A Lesson for Landlords From Jet Blue

I wonder what some of these airline executives say every morning when they get up.

“How can we torture our customers today? What else can we do to make their traveling experience more humiliating and beyond human endurance than it already is?



I wonder what some of these airline executives say  when they get up every morning.


“How can we torture our customers today?  What else can we do to make their traveling experience more humiliating and beyond human endurance than it already is?"  


Jet Blue, one of several culprits,   is experiencing the  publicity blues at the moment and frankly, they deserve any criticism coming their way. 


After the Valentine’s Day fiasco that showed anything but love for their customers, [tag-tec]Jet Blue[/tag-tec] finally came to the conclusion they need their own Passenger Bill of Rights. -Before it becomes an official Act of Congress. 


Mistreating the very people who are paying you for your “services” is plain Business 101 suicide, in my book. I’d say abandoning people in cigar shaped cell blocks for  up to eight hours without toilets, clean water, fresh air and food is incorrigible. Any airlines that does that needs to have the book thrown at them. 


And is it an accident that  there’s a customer complaint reality show about that industry?  They’ve got problems, to say the least.


Which  brings up a very interesting point about Landlording 101. Are all of our landlording problems really the tenants’ fault? Could  some problems  be  the results of poor management?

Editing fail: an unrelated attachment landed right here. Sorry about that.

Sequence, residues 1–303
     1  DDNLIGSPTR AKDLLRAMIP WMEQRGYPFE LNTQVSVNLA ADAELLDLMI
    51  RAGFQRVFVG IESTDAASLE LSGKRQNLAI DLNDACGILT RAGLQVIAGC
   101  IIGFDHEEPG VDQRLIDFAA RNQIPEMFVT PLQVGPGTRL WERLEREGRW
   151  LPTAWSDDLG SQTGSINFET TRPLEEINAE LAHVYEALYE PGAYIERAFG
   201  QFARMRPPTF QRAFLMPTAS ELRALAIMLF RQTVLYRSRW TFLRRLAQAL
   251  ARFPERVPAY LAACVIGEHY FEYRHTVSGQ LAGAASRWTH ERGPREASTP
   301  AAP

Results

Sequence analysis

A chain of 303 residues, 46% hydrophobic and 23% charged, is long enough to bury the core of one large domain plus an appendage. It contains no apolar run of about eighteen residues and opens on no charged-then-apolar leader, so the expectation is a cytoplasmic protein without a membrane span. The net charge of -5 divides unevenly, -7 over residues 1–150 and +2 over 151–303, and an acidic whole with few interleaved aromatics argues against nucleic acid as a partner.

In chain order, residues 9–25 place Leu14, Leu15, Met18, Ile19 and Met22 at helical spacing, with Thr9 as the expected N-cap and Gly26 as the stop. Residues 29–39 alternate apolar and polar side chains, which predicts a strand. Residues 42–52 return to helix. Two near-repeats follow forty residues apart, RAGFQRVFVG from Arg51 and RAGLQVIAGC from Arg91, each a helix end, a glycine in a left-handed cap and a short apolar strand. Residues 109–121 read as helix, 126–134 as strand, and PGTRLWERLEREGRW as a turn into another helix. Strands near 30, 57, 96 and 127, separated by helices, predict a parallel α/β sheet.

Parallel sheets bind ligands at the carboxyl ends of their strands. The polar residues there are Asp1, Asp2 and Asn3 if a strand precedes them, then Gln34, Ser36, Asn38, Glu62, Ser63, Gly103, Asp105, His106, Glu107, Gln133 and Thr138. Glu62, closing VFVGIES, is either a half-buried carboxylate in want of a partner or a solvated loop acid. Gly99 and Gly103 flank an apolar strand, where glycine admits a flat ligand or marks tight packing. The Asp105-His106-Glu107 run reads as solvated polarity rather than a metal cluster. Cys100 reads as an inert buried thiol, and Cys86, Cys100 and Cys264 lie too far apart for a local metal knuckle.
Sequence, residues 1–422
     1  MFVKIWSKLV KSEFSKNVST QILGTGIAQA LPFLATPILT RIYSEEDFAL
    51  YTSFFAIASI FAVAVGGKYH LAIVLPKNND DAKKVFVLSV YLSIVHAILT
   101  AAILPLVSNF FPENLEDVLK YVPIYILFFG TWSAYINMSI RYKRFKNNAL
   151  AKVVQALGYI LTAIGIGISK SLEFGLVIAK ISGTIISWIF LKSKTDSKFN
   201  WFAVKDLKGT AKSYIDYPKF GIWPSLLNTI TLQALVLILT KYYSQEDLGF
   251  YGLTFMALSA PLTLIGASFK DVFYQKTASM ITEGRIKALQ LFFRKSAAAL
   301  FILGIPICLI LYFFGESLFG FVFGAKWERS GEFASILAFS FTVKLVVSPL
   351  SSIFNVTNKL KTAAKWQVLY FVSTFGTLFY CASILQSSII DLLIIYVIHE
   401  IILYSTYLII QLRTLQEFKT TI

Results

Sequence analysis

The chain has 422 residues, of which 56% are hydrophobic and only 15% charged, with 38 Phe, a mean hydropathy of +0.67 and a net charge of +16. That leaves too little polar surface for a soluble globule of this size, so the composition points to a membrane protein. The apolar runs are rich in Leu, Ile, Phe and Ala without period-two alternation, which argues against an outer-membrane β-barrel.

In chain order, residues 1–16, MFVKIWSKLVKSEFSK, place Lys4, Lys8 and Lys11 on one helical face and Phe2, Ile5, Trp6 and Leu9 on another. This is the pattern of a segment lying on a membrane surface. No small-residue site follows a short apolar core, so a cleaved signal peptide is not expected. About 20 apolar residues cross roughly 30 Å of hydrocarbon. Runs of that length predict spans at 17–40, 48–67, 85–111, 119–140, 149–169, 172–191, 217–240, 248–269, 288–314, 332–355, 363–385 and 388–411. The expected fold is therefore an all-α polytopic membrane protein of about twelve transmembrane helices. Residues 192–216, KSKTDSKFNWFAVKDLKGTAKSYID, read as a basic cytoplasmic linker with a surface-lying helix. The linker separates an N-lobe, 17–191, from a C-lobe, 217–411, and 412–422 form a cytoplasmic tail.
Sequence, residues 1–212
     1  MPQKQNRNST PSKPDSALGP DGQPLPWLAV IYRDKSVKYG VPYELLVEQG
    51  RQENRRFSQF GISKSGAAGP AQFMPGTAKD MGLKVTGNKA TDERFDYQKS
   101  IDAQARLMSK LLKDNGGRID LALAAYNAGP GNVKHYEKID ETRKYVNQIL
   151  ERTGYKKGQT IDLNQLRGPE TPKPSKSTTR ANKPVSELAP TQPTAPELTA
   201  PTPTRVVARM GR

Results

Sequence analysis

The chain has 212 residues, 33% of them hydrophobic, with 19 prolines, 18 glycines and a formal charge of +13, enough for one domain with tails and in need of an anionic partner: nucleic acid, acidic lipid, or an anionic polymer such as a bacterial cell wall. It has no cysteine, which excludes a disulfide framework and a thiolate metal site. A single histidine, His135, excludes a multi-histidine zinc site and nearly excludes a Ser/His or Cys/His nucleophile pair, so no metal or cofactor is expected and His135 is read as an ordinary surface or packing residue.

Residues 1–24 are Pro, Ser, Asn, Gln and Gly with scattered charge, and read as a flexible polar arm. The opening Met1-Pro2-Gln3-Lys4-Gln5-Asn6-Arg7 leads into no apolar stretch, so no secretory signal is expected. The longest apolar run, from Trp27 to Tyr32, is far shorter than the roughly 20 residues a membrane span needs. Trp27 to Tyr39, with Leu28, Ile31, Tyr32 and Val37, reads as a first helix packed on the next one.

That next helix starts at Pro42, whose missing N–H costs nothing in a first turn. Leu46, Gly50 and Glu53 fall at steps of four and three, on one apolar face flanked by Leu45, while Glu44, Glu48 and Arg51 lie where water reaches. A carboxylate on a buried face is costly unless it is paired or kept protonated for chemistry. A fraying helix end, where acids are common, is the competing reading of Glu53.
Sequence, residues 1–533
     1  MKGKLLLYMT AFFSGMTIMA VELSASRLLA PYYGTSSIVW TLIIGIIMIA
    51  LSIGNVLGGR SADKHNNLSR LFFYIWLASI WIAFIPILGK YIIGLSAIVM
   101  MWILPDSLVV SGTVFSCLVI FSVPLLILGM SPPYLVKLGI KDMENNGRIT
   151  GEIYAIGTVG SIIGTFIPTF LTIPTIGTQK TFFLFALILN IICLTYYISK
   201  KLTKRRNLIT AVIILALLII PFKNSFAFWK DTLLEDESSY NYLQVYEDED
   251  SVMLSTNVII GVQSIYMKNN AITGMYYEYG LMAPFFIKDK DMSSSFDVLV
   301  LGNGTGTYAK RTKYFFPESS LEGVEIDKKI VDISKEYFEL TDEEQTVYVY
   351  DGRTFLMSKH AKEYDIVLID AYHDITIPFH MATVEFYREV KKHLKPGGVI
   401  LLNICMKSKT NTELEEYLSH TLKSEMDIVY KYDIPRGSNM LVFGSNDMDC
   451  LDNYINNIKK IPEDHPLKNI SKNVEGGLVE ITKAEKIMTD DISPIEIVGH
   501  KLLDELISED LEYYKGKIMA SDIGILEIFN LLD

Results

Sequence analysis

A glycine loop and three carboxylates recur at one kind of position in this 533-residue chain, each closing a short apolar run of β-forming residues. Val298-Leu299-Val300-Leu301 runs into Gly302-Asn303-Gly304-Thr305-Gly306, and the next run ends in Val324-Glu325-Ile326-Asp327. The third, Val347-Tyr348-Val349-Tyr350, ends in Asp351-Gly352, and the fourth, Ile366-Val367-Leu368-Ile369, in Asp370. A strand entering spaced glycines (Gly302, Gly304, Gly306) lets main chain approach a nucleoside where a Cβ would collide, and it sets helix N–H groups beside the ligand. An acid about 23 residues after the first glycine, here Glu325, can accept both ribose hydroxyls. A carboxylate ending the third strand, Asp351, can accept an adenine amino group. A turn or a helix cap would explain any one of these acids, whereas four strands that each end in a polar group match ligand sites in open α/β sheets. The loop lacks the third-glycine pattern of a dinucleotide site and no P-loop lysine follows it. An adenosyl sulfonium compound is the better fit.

I don’t think tenants are going to their Congressman  to complain but what about calling codes?  


Is not  having hot water a legitimate complaint?  Heat in the winter and  air conditioning in the blazing summers? Can we see why tenants sometimes bristle?


If a tenant calls you about a leak do you act immediately ?  Or do you wait until it becomes a really expensive problem like mold build-up?


Here’s the major point I’ve learned from my Dad, the 80 year old landlord who’s been managing his properties for 50 years.  Take care of the customer.


Whether we dare to admit it or not, those tenants are our customers or clients (if we want to be a little more upscale about it).


What I’ve learned from him is if you show a genuine interest in your tenants, their welfare, and comfort, they will not only stay with you longer, but they’ll send their friends to you.  Word of mouth is our cheapest, most effective means of advertising.


I’m not saying [tag-self]tenants[/tag-self] are always right.  That’s why you have to  screen them before you rent to them – so you won’t be dealing with deadbeats.  But those landlords who quibble over the hot water heater and tenants’ over use of the air conditioner are in many cases, shooting themselves in the foot.


Let these  lessons from [tag-ice]Jet Blue[/tag-ice] be a warning to us.  Take care of the things you’re supposed to take care of- and then your tenants won’t have a reason to complain-or to call codes.         


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